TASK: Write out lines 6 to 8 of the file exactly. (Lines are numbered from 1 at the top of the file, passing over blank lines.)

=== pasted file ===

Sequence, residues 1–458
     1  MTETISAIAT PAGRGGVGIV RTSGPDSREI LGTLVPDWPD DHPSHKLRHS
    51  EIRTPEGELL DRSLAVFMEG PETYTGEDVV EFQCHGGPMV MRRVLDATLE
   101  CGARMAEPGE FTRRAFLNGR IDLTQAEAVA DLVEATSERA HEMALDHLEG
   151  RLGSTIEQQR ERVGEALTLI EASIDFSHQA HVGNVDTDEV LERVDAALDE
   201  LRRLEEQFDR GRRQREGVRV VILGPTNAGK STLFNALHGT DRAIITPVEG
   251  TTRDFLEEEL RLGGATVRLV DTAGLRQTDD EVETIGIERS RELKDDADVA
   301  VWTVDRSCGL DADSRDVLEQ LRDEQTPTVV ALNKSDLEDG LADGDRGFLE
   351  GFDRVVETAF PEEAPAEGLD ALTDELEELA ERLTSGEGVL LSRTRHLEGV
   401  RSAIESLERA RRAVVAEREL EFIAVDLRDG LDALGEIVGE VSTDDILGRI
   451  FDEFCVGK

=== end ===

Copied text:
   201  LRRLEEQFDR GRRQREGVRV VILGPTNAGK STLFNALHGT DRAIITPVEG
   251  TTRDFLEEEL RLGGATVRLV DTAGLRQTDD EVETIGIERS RELKDDADVA
   301  VWTVDRSCGL DADSRDVLEQ LRDEQTPTVV ALNKSDLEDG LADGDRGFLE